Crowe, Yolande, Persia and China: Safavid Blue and White Ceramics in the Victoria & Albert Museum (1501-1738) (London : Thames and Hudson, 2002): cat.no.78, p.86
Lane, Arthur. Later Islamic Pottery. London: Faber and Faber, 1957. 133p., ill. Pages 98-99, plate 75A
Imported Chinese ceramics and local metalwork had long provided Iranian potters with models for their wares. They continued to do so during the Safavid period. Both sources can be detected in this ewer. It has the same shape as the brass ewer beside it, while the blue-and-white decoration imitates that on Chinese porcelain.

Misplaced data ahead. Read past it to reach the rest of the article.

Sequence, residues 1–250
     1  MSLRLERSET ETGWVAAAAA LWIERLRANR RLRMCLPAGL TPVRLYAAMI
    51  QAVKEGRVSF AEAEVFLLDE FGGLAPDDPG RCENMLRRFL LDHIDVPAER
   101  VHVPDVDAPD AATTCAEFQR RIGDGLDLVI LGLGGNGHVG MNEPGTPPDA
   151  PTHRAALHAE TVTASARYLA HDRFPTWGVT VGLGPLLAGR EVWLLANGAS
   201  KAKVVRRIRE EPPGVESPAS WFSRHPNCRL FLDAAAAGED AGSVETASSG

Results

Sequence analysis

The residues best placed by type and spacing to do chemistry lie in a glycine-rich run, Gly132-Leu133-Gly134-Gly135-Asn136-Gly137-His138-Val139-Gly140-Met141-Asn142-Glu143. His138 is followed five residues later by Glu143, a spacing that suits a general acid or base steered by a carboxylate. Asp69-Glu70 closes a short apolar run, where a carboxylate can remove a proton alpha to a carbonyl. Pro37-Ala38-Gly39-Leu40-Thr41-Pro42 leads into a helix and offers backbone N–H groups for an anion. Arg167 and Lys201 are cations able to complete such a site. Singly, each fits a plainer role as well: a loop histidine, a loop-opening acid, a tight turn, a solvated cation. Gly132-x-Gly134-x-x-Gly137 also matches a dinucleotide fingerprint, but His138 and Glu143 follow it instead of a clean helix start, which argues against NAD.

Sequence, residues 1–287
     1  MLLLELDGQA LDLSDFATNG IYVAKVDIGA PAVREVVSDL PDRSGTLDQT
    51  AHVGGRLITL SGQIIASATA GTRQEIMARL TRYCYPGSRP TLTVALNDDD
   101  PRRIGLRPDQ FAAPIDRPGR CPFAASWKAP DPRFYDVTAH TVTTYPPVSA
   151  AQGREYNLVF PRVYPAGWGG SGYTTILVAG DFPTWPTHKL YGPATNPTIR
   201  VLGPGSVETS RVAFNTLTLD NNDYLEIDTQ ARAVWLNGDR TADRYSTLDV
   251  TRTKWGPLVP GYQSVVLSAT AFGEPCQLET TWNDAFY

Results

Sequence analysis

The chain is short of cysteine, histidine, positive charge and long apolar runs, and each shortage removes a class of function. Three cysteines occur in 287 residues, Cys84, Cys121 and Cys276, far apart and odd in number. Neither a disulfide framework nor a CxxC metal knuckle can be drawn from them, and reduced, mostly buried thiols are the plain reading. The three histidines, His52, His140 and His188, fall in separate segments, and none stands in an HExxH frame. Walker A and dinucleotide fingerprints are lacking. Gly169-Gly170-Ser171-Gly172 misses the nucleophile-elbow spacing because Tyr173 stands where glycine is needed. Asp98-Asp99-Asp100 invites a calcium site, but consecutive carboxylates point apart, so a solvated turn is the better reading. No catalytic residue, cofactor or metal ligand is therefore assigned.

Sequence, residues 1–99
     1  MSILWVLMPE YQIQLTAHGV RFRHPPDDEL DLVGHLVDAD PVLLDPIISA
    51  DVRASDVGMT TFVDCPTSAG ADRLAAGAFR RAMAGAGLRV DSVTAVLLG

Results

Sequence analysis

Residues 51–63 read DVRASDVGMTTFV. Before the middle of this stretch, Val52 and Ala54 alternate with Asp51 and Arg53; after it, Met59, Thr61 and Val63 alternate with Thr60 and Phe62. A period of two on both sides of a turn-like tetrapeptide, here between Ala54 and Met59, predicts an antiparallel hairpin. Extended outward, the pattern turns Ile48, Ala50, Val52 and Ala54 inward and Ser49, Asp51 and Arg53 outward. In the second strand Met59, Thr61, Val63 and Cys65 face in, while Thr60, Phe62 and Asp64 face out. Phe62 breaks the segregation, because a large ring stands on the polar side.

Fritware painted under the glaze
Museum no. 618-1889 [Jameel Gallery]
Ewer, with conical bulbous shape, arched handle and spout in the form of a dragon's head. Fritware decorated in underglaze blue with Chinese style designs of human figures, fabulous monsters and a flight of storks around the shoulder. Iran (Safavid), first half 17th century.
This ceramic ewer shows how Iranian potters used both imported Chinese ceramics and local metalwork as models for their work. The piece has the same decorative shape as some contemporary brass ewers. However, the blue-and-white decoration, with its dragons, storks and monsters, imitates that seen on Chinese porcelain.
Iranian potters had long drawn on both sources for models for their wares. They continued to do so during the Safavid period (1501-1722), when this piece was made.